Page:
Summer is sweet — and even sweeter when Washington cherries ripen. Juicy, fresh and melt-in-your mouth flavor are all part of delicious summertime memories.
But one Kennewick family found themselves in the pits when the fresh fruit wasn’t available at a local orchard because of prior inclement weather.
“When I was a kid we used to pick cherries with my mom, so I like to take my kids to pick, too — for the experience,” Phil Dron says as he remembers plucking Rainiers and Bings from the tree as a kid. “But at the time we were visiting an orchard in early June, there had been a late freeze, so no cherries.”
A momentary bite of disappointment soured their day, but being longtime Washington residents, Phil and wife Jonni knew there’d be another crop. Off they went on vacation with thoughts of red cherries upon their return.
“Hey, I’m here for your Rainier cherries,” Phil recalls announcing to orchardist Steve Sauer who had just returned from a bicycle ride in the heat of the day.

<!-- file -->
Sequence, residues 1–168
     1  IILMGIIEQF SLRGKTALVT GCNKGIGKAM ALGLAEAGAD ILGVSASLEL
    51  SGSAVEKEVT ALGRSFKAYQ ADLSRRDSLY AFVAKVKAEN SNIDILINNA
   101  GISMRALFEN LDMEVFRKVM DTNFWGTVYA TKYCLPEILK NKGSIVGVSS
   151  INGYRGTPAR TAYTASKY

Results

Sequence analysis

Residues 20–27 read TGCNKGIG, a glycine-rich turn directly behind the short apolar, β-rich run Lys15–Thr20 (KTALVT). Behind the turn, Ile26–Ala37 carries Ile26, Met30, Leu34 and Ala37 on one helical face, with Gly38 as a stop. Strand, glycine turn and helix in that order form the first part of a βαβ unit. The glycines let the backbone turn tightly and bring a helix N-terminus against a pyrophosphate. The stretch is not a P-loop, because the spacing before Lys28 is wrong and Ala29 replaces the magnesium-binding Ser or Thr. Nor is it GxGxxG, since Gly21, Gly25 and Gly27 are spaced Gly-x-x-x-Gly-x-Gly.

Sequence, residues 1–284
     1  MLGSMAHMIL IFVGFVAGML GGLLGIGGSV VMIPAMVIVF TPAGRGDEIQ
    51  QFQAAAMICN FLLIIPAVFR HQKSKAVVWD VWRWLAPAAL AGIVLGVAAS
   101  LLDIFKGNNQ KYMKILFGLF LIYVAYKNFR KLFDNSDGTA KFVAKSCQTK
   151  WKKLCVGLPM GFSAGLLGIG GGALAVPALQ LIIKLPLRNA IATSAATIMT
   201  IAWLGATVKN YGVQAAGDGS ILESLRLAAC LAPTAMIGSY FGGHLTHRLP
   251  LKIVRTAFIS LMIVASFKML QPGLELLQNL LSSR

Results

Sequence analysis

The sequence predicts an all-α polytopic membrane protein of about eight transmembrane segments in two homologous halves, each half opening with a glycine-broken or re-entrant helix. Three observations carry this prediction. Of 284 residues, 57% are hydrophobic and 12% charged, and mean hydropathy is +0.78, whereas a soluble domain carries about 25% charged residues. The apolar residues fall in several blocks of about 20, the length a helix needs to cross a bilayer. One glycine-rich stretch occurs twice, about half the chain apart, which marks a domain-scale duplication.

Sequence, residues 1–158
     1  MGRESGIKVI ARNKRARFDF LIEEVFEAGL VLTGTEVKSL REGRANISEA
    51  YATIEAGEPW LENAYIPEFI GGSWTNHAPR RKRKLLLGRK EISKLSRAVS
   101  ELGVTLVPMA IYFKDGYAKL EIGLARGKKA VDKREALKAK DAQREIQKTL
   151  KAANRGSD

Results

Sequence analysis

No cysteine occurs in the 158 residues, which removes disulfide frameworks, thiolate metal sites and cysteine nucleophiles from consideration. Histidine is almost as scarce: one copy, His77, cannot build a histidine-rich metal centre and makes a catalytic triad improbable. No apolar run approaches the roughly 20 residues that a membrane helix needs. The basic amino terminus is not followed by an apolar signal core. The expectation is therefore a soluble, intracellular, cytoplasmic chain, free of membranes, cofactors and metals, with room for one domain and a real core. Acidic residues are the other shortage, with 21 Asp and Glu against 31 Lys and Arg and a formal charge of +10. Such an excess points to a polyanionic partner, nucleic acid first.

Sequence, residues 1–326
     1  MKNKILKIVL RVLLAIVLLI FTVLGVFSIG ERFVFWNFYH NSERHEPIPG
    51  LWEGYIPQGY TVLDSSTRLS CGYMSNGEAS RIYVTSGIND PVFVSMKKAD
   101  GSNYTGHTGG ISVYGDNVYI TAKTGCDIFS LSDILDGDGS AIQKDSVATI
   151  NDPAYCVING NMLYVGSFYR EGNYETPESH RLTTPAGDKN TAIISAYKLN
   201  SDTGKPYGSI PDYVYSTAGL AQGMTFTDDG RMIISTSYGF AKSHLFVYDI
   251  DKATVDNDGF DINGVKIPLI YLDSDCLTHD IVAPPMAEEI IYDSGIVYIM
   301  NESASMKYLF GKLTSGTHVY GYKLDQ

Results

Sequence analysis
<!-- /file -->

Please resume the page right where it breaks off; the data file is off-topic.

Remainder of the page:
Within moments, bags of the delicious fruit were in their hands. But it wasn’t until the family engaged in “small talk” that something big came up. The last of the Rainier cherries just sold to Phil had originally been saved from the harvest for Steve and his family to enjoy.
“When Steve closed the garage door as we were leaving there was a ”sold out” sign,” Phil comments thoughtfully about the words that had been hidden from view. “Here it was their Sunday afternoon—free time—and yet they kindly sold us their cherries.
Their very last cherries.
Because of this unexpected kindness, Phil wrote a “Thankful Thursday” letter about Steve Sauer in the Tri-City Herald.
“I felt blessed,” Phil recalls, “and I wanted to let others know he gave up his last ones. He’s a really nice guy and not just in it for himself.”
A refreshing reminder of the Golden Rule.
And just like summertime cherries, we can never get our fill of sweet acts of kindness.